Whether you’re the maid-of-honor, best man, or a sibling, you want to make a wonderful speech to the newly married couple that really strikes a cord with the bride and groom, touches the guests, and leaves a lasting impression. That being said, you want to make sure you hit all the right points for what makes a good speech so you can avoid anything that might tarnish it even a little bit. Follow these tips for making the perfect wedding toast and deliver a message that is memorable for all the right reasons.
Know the Audience
Chances are you’ve heard to keep toasts and speeches short and to the point, because you can easily bore an audience to death if you let things drag on. But you should also take into consideration the kind of people that are in the audience, other than the bride and groom. Inside jokes maybe funny to you and the bride or groom, but they will go over the heads of everyone else at the wedding. A truly great toast is one that gets everyone oohing and ahhing and teary eyed, not just the two most important people of the day.
Don’t Second Guess Yourself
There’s something so cringingly uncomfortable about seeing someone stand up in front of a group and it being so obvious how nervous and uncomfortable they are. We aren’t saying that you have to be a toast-giving expert, but the saying ‘fake it ‘til you make it’ applies here. Pretend like you’re totally confident and avoid starting out your toast by saying “I don’t really know what to say” or, “I’m not really good at making speeches.” If you would feel more comfortable reading off of your notes, no problem. Just remember to look up at everyone and the bride and groom every few seconds.
Keep it Brief
Yep, we’ve all heard it before: keep all speeches and toasts short and sweet. But it’s sometimes a different story when it’s your turn to write a heart-filled speech and this logic flies out the window. When you want to showcase your love for someone, it can be hard reeling in everything you want to say because it all seems important! But trust us, everyone will thank you, including the bride and groom, if you keep things short, don’t dive into intimate details of your past, and don’t repeat things over and over again. Anything else you might want to say, why not write it down in a letter and give it to the bride or groom later?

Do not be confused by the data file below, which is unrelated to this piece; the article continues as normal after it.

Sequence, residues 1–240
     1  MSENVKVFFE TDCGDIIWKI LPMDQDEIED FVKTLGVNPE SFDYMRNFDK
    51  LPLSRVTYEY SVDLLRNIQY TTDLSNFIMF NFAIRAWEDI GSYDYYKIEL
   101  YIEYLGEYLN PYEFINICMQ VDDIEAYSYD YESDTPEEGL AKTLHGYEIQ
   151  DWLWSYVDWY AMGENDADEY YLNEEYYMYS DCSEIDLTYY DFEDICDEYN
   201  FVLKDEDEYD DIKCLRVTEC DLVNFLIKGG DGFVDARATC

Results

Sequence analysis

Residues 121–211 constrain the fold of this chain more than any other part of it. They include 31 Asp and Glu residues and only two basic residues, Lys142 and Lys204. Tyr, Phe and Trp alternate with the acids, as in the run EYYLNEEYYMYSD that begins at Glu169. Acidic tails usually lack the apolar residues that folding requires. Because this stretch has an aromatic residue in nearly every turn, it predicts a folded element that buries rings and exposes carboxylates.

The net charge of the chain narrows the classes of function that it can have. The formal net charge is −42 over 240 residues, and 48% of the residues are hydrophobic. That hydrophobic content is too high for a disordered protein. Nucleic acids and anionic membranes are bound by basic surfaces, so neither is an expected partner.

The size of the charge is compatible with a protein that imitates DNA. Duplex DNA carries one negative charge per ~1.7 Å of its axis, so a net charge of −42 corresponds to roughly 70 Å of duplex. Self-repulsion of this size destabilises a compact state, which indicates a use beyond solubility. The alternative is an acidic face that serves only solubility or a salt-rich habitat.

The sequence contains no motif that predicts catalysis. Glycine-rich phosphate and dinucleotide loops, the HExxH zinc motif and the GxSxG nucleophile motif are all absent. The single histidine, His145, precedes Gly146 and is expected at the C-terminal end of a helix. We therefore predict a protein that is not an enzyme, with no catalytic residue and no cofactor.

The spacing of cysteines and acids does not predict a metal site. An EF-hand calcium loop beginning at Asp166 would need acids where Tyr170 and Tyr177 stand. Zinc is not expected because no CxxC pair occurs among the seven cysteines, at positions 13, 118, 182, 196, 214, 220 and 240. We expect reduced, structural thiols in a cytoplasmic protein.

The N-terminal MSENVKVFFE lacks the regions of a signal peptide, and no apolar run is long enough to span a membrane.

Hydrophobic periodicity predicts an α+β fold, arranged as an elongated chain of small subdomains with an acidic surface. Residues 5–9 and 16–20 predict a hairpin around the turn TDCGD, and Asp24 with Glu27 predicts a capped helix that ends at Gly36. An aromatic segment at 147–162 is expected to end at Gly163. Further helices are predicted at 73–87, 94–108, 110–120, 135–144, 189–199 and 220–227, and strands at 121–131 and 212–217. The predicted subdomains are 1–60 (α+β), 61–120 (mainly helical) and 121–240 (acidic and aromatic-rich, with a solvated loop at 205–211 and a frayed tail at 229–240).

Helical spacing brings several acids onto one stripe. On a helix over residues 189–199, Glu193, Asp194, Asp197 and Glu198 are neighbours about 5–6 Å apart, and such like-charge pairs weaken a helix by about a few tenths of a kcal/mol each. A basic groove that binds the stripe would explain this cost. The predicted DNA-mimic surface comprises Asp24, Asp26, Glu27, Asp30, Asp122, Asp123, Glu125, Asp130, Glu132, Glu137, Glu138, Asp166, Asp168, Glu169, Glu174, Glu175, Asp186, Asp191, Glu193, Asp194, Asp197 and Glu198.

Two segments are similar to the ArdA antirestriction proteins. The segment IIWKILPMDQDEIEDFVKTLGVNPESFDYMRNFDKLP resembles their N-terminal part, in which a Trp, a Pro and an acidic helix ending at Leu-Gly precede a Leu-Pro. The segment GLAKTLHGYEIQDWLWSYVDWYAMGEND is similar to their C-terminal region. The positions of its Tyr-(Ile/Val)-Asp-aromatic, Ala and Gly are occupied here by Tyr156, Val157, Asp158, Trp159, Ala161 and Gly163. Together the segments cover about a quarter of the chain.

Practice Practice Practice
Just like you would if you were preparing for a speech at school or another important event, practice your toast before the wedding. Once the big day rolls around and you’re about to stand up with the mic, you’ll feel much more comfortable having rehearsed everything—from what you’re going to say to how you’ll address everyone, as well as how you’ll make eye contact around the room and use your hands during the toast. Even though it may be rehearsed, it’ll come off as natural and confident.
Think of Ways to Make It Personal
Rather than just googling good toasts online, think of ways you can personalize the toast (without turning to school-day memories and inside jokes). Consider playing a favorite song between the two of you, or bring in a photo of you two to show the audience your special relationship with each other.
End with Purpose
This means ending your speech on a high note, rather than just anti-climatically saying “okay, that’s it…” or nervously putting down the mic and sitting down to show your speech has ended. Speak from your heart and end with purpose, like asking everyone to raise their glass of champagne and celebrate the bride and groom. You can also think of something totally sweet or funny to say to end your speech and leave everyone in tears or laughing out loud.
Everyone has been to a wedding where there was an amazing speech that made you either laugh, cry or both. Be that person at the next wedding you have to speak at by following our tips and everyone will be touched by your words, eloquence, and confidence.